HCP to get ManorCare properties in 30 US states for $6.1b
NEW YORK: HCP Inc., the biggest U.S. health-care real estate investment trust, agreed to pay $6.1 billion for 338 developments from HCR ManorCare Inc. in the largest property acquisition in at least three years.
The price includes $3.53 billion in cash, $1.72 billion reinvested from the payoff of HCP's existing debt investments in HCR and $852 million in stock, Long Beach, California-based HCP said in a statement. HCR is owned by funds managed by Carlyle Group, which bought Manor Care Inc. for $6.3 billion in 2007. The acquisition will help boost HCP's reach through its 670 properties across 42 states. The HCR developments are post-acute, skilled nursing and assisted living facilities in 30 states, including Ohio, Pennsylvania, Florida, Illinois and Michigan, according to the statement. HCP currently owns assets including 250 senior housing facilities.
"It's a long-term strategy to invest in health-care properties," said David Cohen, an economist at Action Economics in Singapore. "Health care remains a growing industry."
Health care is the singlelargest industry in the U.S. based on gross domestic product, HCP said on its website. The company said healthrelated expenditures are projected to increase 5.1 percent this year, citing a National Health Expenditures report in January.
HCP is the eighth-biggest U.S. real estate investment trust by market value and the largest that invests in healthcare properties, according to data compiled by Bloomberg.
"This transaction reinvests our substantial debt investment in a secure, long-term, growing income stream that will be highly accretive to HCP's funds from operations and funds available for distribution," Jay Flaherty, HCP's chairman and chief executive officer, said in the statement yesterday.
Toledo, Ohio-based HCR and its affiliates will continue to run the facilities under a long-term lease supported by a guaranty from HCR, the statement said. The agreement includes an increase in rent each year and it gives HCP an option to buy a 9.9 percent stake in HCR for an additional $95 million.
The announcement was made after regular U.S. market hours. HCP rose 0.5 percent to close at $32.52 in New York Stock Exchange composite trading. The shares have gained 6.5 percent this year, compared with the 11 percent advance in the Standard & Poor's 500 Index. In a separate news item it is reported that a US Treasury program aimed at preventing 3 million foreclosures is likely to fulfill less than a third of its goal, a congressional watchdog reported.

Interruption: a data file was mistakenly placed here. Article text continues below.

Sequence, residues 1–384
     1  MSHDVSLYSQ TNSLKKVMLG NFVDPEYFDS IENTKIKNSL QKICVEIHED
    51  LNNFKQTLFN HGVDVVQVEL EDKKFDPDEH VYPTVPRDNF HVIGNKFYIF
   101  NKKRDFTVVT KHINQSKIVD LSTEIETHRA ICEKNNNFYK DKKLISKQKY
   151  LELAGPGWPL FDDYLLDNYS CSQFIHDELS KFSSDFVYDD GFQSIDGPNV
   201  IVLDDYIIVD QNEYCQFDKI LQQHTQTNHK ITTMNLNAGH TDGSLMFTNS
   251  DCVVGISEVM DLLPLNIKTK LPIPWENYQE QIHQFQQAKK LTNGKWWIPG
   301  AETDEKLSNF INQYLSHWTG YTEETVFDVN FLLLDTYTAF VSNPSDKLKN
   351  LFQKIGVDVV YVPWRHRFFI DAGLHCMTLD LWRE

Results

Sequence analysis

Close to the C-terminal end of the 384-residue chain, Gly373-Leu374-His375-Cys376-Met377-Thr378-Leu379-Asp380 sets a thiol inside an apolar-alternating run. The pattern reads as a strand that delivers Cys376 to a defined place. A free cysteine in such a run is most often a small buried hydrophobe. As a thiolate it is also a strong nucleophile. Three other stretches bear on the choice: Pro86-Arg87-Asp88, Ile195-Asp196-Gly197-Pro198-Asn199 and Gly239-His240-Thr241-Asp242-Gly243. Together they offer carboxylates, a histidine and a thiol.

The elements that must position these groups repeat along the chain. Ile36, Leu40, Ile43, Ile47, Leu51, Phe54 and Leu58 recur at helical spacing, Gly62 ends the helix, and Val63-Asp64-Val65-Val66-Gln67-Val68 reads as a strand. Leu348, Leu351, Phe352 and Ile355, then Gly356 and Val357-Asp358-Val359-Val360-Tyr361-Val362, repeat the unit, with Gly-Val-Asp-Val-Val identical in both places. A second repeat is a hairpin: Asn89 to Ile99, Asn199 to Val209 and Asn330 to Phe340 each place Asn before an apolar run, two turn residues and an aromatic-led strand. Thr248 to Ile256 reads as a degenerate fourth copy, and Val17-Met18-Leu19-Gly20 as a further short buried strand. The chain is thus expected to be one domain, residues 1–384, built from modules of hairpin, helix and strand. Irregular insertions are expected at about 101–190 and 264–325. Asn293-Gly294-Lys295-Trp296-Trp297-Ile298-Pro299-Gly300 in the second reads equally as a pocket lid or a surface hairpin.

The Treasury's homeowner aid effort is "ineffective" and has failed to hold mortgage companies accountable, the Congressional Oversight Panel for the Troubled Asset Relief Program said in a report released today.
"The program has turned out to be a lot smaller and have a lot less impact on the housing market than we expected," said former U.S. Senator Ted Kaufman, the chairman of the panel.
The Home Affordable Modification Program, or HAMP, pays lenders and servicers to rewrite loan terms for borrowers who can't make their current mortgage payments. Since its 2008 creation, HAMP's goal of preventing 3 million to 4 million foreclosures "has been repeatedly redefined and watered down," the panel said.
"If current trends hold, HAMP will prevent only 700,000 to 800,000 foreclosures," a small portion of the 8 million to 13 million foreclosures expected by 2012, said Kaufman, a Democrat from Delaware. The Treasury will spend only about a fourth of the $50 billion it allocated for the program in 2009, according to the Congressional Budget Office. "For this reason, Treasury's reluctance to acknowledge HAMP's shortcomings has had real consequences," the TARP panel found. "Absent a dramatic and unexpected increase in HAMP enrollment, many billions of dollars set aside for foreclosure mitigation may well be left unused. As a result, an untold number of borrowers may go without help."
Homeowners are dropping out of the program at a faster rate than they're joining it, the Treasury reported last month. The number of borrowers aided by HAMP grew to nearly 520,000 in October, up 23,750 from a month earlier, while 36,300 dropped out after failing to make their modified payments. Timothy Massad, Treasury's acting assistant secretary for financial stability, called the report "somewhat unfair."
Massad said that while 500,000 homeowners have received permanent loan modifications under HAMP, the impact goes beyond those numbers because mortgage servicers have imitated HAMP with their own programs.
"We've set a new standard for the industry," Massad told reporters in a conference call. When " millions of modifications" by the industry are taken into account, "it is having a real impact on the ground," he said. -Bloomberg